PRESS DIGEST - Wall Street Journal - Sept 26

Sept 26 Thu Sep 26, 2013 12:45am EDT

Sept 26 (Reuters) - The following are the top stories in the Wall Street Journal. Reuters has not verified these stories and does not vouch for their accuracy.

* The U.S. government is closer to running out of money to pay its bills than previously thought, the Treasury Department warned Wednesday, clarifying the fiscal deadlines confronting Congress amid continued disarray on Capitol Hill. ()

* JPMorgan Chase is in discussions to settle probes related to mortgage-backed securities for $11 billion. The amount being discussed would include $7 billion cash and $4 billion in relief to consumers. ()

* Anham FZCO, which holds the multibillion-dollar Pentagon contract to supply U.S. forces in Afghanistan with food and water brought in supplies to build an Afghan warehouse through Iran, is in a possible violation of U.S. sanctions. ()

* With tech glitches becoming more common, the two stock-exchange giants - NYSE Euronext and Nasdaq OMX Group Inc - are pondering a scenario some might have considered unlikely: teaming to protect one another in the event of breakdowns. ()

* Twitter has added two more banks, JPMorgan Chase and Morgan Stanley, to help lead its upcoming initial public offering. ()

* Payday lenders are under pressure to report customer information to state databases in an effort by regulators to rein in the high-cost loans. ()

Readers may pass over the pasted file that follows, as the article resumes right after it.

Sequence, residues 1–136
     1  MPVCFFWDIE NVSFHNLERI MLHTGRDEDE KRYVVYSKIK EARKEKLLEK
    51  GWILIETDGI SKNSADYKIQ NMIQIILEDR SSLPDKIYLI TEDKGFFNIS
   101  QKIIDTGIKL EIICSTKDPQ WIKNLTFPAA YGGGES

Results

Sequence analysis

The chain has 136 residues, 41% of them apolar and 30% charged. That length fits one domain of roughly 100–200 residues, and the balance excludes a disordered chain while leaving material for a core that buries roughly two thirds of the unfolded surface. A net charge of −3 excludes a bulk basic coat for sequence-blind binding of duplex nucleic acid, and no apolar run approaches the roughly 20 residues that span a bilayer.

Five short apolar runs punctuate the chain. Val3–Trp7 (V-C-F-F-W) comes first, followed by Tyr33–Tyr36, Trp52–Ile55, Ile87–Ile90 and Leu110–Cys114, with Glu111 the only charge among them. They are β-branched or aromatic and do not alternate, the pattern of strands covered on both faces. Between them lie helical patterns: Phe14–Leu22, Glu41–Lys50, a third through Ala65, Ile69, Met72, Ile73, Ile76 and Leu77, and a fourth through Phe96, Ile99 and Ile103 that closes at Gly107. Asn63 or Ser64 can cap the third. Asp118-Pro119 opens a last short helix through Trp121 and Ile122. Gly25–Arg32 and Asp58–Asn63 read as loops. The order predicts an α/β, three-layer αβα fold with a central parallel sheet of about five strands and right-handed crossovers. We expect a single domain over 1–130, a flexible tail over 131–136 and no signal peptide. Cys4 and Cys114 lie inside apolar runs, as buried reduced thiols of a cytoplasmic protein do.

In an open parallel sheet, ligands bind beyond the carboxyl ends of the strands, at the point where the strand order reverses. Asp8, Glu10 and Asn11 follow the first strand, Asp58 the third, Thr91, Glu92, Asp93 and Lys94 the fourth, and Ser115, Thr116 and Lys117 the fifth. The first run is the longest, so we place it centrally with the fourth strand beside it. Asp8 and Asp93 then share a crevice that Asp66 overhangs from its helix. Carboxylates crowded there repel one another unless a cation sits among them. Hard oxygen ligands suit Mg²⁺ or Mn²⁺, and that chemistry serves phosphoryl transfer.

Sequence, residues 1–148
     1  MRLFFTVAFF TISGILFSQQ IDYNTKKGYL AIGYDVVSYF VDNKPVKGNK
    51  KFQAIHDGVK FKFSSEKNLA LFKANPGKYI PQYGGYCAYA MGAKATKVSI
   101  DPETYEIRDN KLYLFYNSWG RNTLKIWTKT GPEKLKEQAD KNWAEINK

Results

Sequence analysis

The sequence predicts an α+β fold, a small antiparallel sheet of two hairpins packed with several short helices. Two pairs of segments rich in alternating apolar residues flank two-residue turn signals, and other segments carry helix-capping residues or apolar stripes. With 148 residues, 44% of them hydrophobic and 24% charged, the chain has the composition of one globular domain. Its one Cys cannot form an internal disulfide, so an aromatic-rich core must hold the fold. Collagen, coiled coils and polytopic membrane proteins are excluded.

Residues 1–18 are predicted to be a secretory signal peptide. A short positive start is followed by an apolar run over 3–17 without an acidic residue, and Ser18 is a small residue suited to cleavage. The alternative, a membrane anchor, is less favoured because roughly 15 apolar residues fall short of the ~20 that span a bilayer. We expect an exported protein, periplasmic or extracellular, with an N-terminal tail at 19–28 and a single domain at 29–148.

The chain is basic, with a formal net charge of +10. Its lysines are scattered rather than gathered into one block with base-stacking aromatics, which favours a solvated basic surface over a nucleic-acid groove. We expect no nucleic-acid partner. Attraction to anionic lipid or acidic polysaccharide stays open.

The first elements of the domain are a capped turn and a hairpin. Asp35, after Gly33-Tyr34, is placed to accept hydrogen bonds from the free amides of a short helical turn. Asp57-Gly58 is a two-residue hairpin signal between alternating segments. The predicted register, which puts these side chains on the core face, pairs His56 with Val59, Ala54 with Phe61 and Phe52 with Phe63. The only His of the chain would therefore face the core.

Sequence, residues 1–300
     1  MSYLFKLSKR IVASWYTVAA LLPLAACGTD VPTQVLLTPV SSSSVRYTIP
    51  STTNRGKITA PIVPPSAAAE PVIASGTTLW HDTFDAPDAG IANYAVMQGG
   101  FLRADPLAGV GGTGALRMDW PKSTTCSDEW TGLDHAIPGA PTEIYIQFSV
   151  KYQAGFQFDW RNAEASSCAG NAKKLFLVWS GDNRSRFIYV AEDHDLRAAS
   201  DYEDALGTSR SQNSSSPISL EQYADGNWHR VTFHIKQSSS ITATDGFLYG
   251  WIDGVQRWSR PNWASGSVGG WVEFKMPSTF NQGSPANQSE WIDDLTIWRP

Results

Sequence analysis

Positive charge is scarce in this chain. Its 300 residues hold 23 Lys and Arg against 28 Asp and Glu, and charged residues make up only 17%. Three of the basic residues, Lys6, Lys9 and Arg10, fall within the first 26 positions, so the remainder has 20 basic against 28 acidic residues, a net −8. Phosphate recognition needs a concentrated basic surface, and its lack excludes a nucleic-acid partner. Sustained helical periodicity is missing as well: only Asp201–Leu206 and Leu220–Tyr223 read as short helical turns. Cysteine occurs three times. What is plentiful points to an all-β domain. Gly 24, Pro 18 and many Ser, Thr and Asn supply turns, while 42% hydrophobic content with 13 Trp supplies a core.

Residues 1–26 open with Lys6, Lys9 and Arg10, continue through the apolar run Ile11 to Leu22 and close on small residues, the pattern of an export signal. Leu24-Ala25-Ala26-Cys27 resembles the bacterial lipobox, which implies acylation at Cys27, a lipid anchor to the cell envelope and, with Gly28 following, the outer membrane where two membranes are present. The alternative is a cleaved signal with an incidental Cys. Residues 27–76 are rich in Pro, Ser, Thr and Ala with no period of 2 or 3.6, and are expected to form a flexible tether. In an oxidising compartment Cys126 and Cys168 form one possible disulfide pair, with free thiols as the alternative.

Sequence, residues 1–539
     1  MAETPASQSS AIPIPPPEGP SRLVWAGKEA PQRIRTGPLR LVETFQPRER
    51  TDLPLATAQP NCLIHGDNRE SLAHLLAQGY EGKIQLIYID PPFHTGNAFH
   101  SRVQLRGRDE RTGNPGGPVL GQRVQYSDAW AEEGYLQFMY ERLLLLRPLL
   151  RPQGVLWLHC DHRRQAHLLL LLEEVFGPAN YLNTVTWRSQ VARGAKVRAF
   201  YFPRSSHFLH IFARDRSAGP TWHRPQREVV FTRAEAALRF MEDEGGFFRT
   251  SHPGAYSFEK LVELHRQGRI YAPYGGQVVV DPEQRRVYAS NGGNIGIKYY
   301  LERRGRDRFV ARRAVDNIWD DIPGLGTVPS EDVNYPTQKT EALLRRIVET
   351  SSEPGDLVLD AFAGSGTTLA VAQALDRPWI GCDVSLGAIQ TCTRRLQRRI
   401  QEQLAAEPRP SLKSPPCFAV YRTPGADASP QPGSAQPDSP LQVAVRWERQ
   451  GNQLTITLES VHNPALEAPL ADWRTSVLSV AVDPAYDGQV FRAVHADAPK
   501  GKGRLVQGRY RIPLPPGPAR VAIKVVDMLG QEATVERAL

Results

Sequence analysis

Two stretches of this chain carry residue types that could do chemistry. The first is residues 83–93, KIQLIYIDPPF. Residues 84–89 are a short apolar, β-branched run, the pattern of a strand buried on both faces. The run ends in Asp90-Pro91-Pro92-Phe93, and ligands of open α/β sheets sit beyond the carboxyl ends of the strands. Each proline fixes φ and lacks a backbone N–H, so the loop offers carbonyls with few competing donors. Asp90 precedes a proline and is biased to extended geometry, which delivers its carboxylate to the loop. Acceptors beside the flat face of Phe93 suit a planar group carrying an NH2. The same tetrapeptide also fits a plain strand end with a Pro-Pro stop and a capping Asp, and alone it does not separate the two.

* Citigroup Inc agreed to pay $395 million to Freddie Mac as part of a settlement over defective mortgages sold to the government controlled home-loan financier, the bank said Wednesday. ()

* The Federal Housing Administration, which emerged as a major backstop of the U.S. residential-mortgage market throughout the housing downturn, is likely to require an infusion from the U.S. Treasury at the end of the month, according to people familiar with the matter. ()

* Bribes of curries and a broker nicknamed "Lord Libor" lent a distinctly British flavor to an $87 million settlement by ICAP of rate rigging allegations with U.S. and UK regulators. The London-based brokerage became the fourth major financial firm to settle allegations its employees manipulated benchmark interest rates. All four firms are European. ()

* Coming U.S. environmental regulations are encouraging some commercial marine operators to power vessels with liquefied natural gas instead of diesel. ()

* Nokia Corp's board of directors has discussed pursuing a tie-up with Alcatel-Lucent, following Nokia's recent deal to sell its handset business to Microsoft Corp, several people familiar with the deliberations said. ()

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